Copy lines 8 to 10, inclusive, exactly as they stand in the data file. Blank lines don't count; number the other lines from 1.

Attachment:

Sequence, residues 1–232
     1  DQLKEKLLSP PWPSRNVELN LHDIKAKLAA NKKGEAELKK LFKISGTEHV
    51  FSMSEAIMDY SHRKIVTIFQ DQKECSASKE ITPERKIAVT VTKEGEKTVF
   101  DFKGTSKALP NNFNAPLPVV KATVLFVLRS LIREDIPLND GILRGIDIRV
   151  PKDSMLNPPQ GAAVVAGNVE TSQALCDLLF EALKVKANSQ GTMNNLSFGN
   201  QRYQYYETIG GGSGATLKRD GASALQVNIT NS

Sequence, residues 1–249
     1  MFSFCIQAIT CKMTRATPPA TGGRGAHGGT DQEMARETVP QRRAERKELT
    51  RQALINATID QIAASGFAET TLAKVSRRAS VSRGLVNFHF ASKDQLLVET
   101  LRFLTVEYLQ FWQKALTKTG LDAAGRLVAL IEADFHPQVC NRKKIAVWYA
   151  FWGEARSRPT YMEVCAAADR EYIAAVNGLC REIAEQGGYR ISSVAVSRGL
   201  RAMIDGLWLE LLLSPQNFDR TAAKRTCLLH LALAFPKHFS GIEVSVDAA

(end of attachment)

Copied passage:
     1  MFSFCIQAIT CKMTRATPPA TGGRGAHGGT DQEMARETVP QRRAERKELT
    51  RQALINATID QIAASGFAET TLAKVSRRAS VSRGLVNFHF ASKDQLLVET
   101  LRFLTVEYLQ FWQKALTKTG LDAAGRLVAL IEADFHPQVC NRKKIAVWYA